DFPC gets another outstanding product award; new Laminar Streamer videos
Monday 08 June, 2015
I'm happy to announce that the DFPC Original has won an outstanding product award from HiFiPig.com.
Among the many positive comments published were:
"Allows the system to perform at its best."
"It really is a product that you set to its task and it will quietly and efficiently give a solid uncluttered sound without drawing attention to itself."
"refinement increased allowing for upper end micro details and micro dynamics to become more apparent and bass notes had more information."
"good tonal balance."
"will wow the listener"
"a truly fantastic cable at a very reasonable price"
Purchase the DFPC Original (595 USD including international shipping) here.
6moons.com reviews the Firewall module
[On the C13/C14 version:] "Despite their added funky connector junctions, I'm very clear that their benefit was exactly like a first pair of mild reading glasses. Time to go four square or rather, four in series over just two. And indeed, the same quality or attribute moved more into the foreground. I'd call it crispness were it not for hifi lingo's reflexive tie-in with sizzly treble and spot-lit transients."
"Imagine driving in inclement weather as your car window begins to subtly fog over with condensation. One press on the defog button and a few seconds of strong cold air blowing straight up at the windshield render the scenery patently crisper. Think of the LessLoss boxes as our hifi equivalent for such cold strong air and what it does to subliminal condensation."
"It removes a stain the other power-line detergents and bleaches don't get at."
Get more info on the Firewall module and its implementation here!
The next review of the Firewall module will come from Mono And Stereo online review magazine.
We made a few videos to showcase the Laminar Streamer's build quality
There has been a lot of talk from us about Panzerholz and vibration absorption. We have even published calibrated studio measurements of the intrinsic vibration absorption of Panzerholz when compared to aluminum of same dimensions.
Yet, perhaps you are still in doubt about what we mean, and how this pertains to audio playback performance.
To make it absolutely clear what it is we are talking about, we made this little video to bring you closer to the understanding we have arrived at during 10+ years of research in these matters.
There are plenty of little tweaks out there to upgrade the sonic performance of existing audio gear, but none come even close to a thoroughly engineered solution from the ground up, striving for ultimate performance from all angles of consideration. One such angle is the issue of micro-vibration avoidance in the realm of electronics. Without a mature solution in this regard, even the best electronic engineering will result in but mediocre overall performance in an actual critical listening setting. Measured charts and graphs will tell you everything the language of bench measurements can convey, but take a look and listen to this video to get an idea of real-world performance once the lab work has been faithfully exhausted.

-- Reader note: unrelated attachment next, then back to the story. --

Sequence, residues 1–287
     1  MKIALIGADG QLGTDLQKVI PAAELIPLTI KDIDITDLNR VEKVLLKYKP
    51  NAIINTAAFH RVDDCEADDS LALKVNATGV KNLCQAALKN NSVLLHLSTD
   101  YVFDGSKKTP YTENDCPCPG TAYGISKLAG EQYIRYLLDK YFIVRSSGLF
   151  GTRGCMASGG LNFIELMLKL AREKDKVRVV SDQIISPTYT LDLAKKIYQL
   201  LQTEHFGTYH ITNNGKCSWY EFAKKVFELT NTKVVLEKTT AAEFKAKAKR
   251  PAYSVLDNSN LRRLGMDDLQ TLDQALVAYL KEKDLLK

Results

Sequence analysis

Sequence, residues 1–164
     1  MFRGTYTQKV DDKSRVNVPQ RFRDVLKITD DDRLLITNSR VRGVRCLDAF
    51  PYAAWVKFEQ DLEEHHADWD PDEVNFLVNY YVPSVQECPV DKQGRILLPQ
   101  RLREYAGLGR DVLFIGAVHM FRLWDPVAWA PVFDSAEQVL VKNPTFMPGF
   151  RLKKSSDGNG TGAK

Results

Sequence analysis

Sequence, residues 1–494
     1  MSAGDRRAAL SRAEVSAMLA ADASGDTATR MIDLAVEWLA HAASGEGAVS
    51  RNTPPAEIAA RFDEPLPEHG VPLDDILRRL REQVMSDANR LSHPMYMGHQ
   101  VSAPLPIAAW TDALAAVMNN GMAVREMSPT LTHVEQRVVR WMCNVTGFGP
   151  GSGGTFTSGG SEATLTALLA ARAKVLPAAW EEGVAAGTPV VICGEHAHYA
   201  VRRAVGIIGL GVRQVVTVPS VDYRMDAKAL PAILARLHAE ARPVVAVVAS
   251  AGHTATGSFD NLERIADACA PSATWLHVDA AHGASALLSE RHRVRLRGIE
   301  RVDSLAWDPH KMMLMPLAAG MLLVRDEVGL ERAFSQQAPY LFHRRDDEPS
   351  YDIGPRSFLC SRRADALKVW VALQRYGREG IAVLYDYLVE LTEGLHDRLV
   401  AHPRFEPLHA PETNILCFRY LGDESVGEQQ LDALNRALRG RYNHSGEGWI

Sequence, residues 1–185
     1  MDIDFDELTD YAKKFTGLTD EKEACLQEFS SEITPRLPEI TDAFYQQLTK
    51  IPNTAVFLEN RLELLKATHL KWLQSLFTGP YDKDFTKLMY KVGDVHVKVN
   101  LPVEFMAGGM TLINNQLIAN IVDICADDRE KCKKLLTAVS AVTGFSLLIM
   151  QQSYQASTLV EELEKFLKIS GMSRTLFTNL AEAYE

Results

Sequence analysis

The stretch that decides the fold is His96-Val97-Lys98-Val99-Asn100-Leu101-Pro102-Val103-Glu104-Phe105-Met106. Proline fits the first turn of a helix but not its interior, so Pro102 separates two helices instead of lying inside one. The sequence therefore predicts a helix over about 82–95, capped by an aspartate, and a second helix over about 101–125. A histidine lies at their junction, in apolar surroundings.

But that's not all. There is more to be told!
The critical viewer will have noticed in the above video that no base reference to the item striking the objects has been made. As such, the video above still does not faithfully convey the level of performance we are dealing with. It only compares the performance of some gear to others.
In order to come closer to a true understanding, we need to mentally subtract the self-resonance of the item striking the objects. For this, we made another short video so you could hear the self-sound of my bones!
When you subtract this self-struck sound from the sound the Laminar Streamer strikes make, you come to a more fundamental realization of the sound coming from the Laminar Streamer, which is not much!
Then, bear in mind that we are on a wooden floor, something which we forgot to protocol separately as well. The lower frequencies you hear are from the floor, and the higher sounds come from my bones, as you can tell. Subtract the two and you have the sound of the Laminar Streamer's case.
(You will notice that for this second video the sound is turned up 12 dB higher than for the first. This was done in an interest to keep me from breaking my bones!)
YouTube only gives you an idea. Take the real recorded files for real reference!
Whenever you upload anything to YouTube, YouTube's servers apply their own compression and conversion algorithms to suit their streaming needs. They do change the audio quite dramatically, even if you listen to the 1080p version, which is still converted and manipulated with.
You can download the original sound files, of much higher quality, at the bottom of this page, for free!
Enjoy the videos! We wish you the best possible audio quality.
Louis Motek | LessLoss.com